For most of us, the Eurovision Song Contest is a show we tune into once a year, one Saturday in May. But the Contest is much more than that.
During the week preceeding that Saturday, two semi-final shows are broadcast (on the Tuesday and Thursday). Two weeks of rehearsals take place beforehand. Eurovision host cities often stage concerts, special events and other celebrations to mark the occasion. Preparations for the show start nearly a year in advance – not least selecting the songs and singers, which usually takes place in the early months of spring.
For some fans, Eurovision is all year round. With films and photographs from cultural heritage instutitions across Europe, let’s go backstage at the Eurovision Song Contest.
Ireland hosts for the first time
Following their win in 1970, Ireland hosted the Eurovision Song Contest for the first time in 1971. This film reports from behind-the-scenes the day before the Contest.
Preparations for 1st Eurovision in Ireland, 1971, RTÉ, In copyright via EUscreen | Europeana
Meet the jury
Juries are an important part of the Eurovision Song Contest.
Nowadays, juries are made of 5 people with music industry experience, whose votes are combined with those of us at home. Previously, juries have been made up of a mix of professionals and music fans.
This report from Belgian broadcaster RTBF shows how the Belgian jury vote was arranged for the 1976 Eurovision Song Contest.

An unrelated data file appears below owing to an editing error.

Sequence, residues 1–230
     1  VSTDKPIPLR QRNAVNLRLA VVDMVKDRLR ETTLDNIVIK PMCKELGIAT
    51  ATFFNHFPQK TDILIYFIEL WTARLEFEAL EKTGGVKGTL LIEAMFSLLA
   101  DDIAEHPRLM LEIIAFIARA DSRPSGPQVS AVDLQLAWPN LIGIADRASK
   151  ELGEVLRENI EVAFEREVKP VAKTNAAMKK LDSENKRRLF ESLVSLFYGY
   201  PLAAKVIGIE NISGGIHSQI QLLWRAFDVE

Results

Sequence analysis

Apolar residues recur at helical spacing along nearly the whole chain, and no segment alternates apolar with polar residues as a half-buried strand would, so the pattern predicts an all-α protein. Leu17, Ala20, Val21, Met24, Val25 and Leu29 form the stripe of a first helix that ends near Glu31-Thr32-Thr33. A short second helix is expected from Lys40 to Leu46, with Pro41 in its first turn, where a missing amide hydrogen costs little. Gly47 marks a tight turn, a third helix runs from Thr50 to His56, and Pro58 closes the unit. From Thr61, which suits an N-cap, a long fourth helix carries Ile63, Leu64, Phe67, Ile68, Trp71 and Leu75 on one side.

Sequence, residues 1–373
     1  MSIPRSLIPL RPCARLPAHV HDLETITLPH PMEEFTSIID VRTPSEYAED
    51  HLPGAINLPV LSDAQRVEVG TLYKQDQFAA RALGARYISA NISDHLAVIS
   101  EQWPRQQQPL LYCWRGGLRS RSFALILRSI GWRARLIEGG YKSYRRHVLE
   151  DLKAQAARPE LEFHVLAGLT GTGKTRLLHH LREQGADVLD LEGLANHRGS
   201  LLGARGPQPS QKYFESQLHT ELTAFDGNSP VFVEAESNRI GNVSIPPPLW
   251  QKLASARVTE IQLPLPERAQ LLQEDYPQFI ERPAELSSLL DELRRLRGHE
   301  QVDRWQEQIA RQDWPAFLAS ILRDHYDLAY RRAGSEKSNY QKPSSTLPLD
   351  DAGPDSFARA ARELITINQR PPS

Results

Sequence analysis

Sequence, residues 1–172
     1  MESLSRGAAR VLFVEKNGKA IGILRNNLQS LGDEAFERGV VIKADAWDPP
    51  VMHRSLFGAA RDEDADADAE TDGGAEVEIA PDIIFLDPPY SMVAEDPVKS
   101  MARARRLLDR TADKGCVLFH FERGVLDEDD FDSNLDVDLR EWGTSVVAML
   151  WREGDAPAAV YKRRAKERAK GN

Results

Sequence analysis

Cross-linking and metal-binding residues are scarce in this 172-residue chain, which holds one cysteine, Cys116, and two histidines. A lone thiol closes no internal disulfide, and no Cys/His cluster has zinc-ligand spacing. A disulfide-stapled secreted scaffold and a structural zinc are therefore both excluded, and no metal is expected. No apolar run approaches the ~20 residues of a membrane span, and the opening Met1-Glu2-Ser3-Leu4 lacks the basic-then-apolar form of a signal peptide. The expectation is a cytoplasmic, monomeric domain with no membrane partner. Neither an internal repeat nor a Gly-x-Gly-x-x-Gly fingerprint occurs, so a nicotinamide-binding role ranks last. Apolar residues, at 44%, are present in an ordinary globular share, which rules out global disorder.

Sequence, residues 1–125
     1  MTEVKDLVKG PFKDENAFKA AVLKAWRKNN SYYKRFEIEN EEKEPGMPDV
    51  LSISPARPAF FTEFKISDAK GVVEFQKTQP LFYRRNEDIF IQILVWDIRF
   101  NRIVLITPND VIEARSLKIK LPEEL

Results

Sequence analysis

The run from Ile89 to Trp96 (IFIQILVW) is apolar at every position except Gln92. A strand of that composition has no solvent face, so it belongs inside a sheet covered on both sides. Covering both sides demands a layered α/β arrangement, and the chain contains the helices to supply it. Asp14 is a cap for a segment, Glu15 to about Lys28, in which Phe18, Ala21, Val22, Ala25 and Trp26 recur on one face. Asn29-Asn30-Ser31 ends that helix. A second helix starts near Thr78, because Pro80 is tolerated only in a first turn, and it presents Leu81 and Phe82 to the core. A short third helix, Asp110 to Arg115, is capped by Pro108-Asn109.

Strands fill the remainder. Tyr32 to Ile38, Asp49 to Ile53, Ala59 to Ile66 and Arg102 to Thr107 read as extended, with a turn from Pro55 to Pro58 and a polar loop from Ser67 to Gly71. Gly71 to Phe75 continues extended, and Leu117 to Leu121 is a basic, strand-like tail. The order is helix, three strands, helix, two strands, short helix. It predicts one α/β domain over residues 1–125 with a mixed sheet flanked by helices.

In 1965, France Gall won the Eurovision Song Contest for Luxembourg. Her song Poupée de cire, poupée de son was composed by renowned French songwriter Serge Gainsbourg and Alain Goraguer.
In this interview, all three speak about their victory in Naples.
France GALL, Serge GAINSBOURG et Alain GORAGUER à propos du Grand Prix de l’Eurovision, 1965, Institut National de l’Audiovisuel, In copyright via Europeana
EXPLORE MORE: Gallery of performers from the Eurovision Song Contest
Ireland’s 3rd victory
This report from behind the scenes of Eurovision 1987 focuses on Ireland, but includes some interesting facts such as that year being the first to include sponsorship to help with the costs of staging the show.
It also includes a humourous look at the UK and Irish delegations who include people with the surnames Wogan, Gogan, Logan, Grogan and Hogan.
Ireland’s 3rd Eurovision Win, 1987, RTÉ, In copyright via EUscreen | Europeana
New countries joining
In the early 1990s, in the wake of the fall of the Iron Curtain and the dissolution of Yugoslavia, many countries wanted to compete in Eurovision for the first time. To keep the final to the three-hour timeframe, a pre-qualifying show was held in which 8 countries competed for three places in the final.
Performers from Bosnia and Herzegovina, Croatia, Estonia, Hungary, Romania, Slovakia and Slovenia took part in the show in April 1993, which was staged in Ljubljana.
This report includes rehearsal footage and interviews with performers from the show.
TV JOURNAL 3 01/04/1993, RTVSLO, In copyright via EUscreen | Europeana
In 2010, Norway’s capital city Oslo hosted Eurovision. These photographs show that Eurovision is not just the television show most see, but a festival for those lucky enough to be in the audience.
EXPLORE MORE: See more Eurovision 2010 Oslo photographs
By Adrian Murphy, Europeana Foundation
This blog post is a part of the Europeana Media project, increasing the appeal, visibility, reuse, research and interaction with Europe’s audio-visual heritage.
Feature image: Songfestival, C. de Boer, Zeeuwse Bibliotheek, CC BY-NC